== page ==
9.  Magnetic resonance imaging may simulate progressive multifocal leucoencephalopathy in a patient with chronic lymphocytic leukemia after fludarabine therapy 
A 60-year-old male with chronic lymphatic leukemia (CLL) after 6 months of fludarabine therapy was admitted with status epilepticus and developed left hemiplegia. His magnetic resonance imaging revealed multiple T2 hyperintense lesions in the right frontal and left parieto-occipital lesion, simulating progressive multifocal leucoencephalopathy (PML). Cerebrospinal fluid Polymerase Chain Reaction (PCR) for JC virus was negative. We suggest the possible role of fludarabine in producing PML-like lesions in patients with Chronic Lymphocytic Leukemia (CLL).
PMCID: PMC2771959  PMID: 19893650
Progressive multifocal leucoencephalopathy; chronic lymphocytic leukemia; fludarabine
10.  Factors predicting surgical outcome of thymectomy in myasthenia gravis: A 16-year experience 
To assess the surgical outcome of myasthenia gravis (MG) following thymectomy and to determine the outcome predictors to such therapeutic approach.
Materials and Methods:
This study is a retrospective review of 80 consecutive thymectomies performed for MG over a 16-year period.
There were 41 females and 39 males (mean age, 34.32 years) with mean disease duration of 17.45 months prior to surgery. Stagewise distribution of the patients revealed 2.5% in stage I, 48.7% in stage IIA, 33.8% in stage IIB, 8.7% in stage III, and 6.3% in stage IV. The surgical approach was either trans-sternal (n=67) or video-assisted thoracoscopic route (n=13). Follow-up was obtained in 91.2% (n=73) of patients with mean duration of 67.7 months. At their last follow-up, 26.0% were in complete remission, 35.6% were asymptomatic on decreased medications, and 17.8% had clinical improvement on decreased medications. Overall, 79.4% of patients benefited from surgery, 8.2% had unchanged disease status, and 12.3% worsened clinically. Factors influencing favorable outcome include sex, disease stage, gland weight, and preoperative medication with anti-cholinesterase (P<0.05). There was one death in the perioperative period due to septicemia. Two patients died at fourth and seventh month following thymectomy.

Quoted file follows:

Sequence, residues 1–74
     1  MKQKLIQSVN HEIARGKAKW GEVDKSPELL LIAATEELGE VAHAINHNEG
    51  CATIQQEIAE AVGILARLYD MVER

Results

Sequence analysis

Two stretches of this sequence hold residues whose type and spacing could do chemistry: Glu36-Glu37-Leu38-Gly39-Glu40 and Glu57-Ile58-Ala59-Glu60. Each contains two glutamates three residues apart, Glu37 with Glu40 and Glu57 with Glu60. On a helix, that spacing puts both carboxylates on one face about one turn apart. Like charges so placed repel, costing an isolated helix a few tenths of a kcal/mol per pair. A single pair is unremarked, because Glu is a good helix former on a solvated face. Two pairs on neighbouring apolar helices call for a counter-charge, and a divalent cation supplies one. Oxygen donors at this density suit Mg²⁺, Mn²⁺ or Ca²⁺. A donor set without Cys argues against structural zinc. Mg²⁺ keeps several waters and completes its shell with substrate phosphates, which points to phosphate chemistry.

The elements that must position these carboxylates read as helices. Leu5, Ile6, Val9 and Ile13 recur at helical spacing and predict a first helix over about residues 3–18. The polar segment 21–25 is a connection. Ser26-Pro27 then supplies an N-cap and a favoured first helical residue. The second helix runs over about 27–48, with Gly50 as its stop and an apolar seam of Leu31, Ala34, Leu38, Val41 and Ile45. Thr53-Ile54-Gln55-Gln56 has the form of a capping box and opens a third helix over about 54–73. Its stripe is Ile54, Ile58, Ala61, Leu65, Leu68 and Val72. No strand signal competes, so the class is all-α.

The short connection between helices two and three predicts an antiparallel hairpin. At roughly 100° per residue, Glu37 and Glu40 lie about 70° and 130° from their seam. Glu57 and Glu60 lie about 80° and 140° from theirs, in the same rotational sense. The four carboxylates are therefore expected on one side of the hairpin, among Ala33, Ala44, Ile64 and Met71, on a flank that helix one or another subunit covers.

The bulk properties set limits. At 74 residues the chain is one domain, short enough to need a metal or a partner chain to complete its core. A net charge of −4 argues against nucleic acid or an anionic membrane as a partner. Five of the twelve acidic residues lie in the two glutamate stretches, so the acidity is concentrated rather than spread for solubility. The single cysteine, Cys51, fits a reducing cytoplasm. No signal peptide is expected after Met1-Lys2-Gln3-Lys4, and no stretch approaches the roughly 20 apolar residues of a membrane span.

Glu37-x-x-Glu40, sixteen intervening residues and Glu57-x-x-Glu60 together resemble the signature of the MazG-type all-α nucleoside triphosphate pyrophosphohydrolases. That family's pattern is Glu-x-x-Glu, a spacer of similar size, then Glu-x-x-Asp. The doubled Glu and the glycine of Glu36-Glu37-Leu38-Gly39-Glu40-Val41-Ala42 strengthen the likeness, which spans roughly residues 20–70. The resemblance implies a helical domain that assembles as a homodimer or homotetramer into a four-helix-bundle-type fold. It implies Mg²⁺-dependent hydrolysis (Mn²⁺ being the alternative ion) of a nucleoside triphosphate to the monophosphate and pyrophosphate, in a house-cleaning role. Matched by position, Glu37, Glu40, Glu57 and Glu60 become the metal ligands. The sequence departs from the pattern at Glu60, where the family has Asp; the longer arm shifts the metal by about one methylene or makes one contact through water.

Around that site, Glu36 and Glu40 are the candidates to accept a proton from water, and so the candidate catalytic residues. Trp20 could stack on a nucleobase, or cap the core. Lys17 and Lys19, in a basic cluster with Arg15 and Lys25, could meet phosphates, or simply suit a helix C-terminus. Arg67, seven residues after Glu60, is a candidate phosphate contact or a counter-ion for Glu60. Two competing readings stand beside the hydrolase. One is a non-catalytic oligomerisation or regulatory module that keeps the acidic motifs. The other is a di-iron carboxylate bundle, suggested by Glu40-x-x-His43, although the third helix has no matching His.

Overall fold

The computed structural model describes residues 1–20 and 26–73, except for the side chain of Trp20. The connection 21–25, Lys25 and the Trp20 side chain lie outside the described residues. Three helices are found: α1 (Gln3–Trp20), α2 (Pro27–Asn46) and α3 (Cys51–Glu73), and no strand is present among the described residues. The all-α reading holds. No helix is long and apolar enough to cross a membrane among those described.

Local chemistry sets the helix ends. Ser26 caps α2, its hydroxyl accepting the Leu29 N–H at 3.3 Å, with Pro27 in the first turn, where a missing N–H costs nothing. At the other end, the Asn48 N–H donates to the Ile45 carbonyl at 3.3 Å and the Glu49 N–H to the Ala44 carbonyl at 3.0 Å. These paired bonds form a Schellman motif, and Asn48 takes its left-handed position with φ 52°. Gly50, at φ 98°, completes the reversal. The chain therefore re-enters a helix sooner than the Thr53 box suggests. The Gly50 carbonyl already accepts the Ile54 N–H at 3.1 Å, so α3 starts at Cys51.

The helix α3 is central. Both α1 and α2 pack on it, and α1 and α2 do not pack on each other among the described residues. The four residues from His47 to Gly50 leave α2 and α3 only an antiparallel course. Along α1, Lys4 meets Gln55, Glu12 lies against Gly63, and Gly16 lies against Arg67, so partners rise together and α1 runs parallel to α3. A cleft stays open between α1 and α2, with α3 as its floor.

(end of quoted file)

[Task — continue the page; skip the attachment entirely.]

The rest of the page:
Thymectomy for MG is safe and effective. Certain influencing factors may shape treatment decisions and target higher risk patients.
PMCID: PMC3271465  PMID: 22346015
Myasthenia gravis; thymectomy; video-assisted thymectomy
11.  Cerebral malaria and bacterial meningitis 
Annals of Indian Academy of Neurology  2011;14(Suppl1):S35-S39.
PMCID: PMC3152171  PMID: 21847328
12.  Pharmacogenomic association study on the role of drug metabolizing, drug transporters and drug target gene polymorphisms in drug-resistant epilepsy in a north Indian population 
Indian Journal of Human Genetics  2011;17(Suppl 1):S32-S40.
In epilepsy, in spite of the best possible medications and treatment protocols, approximately one-third of the patients do not respond adequately to anti-epileptic drugs. Such interindividual variations in drug response are believed to result from genetic variations in candidate genes belonging to multiple pathways.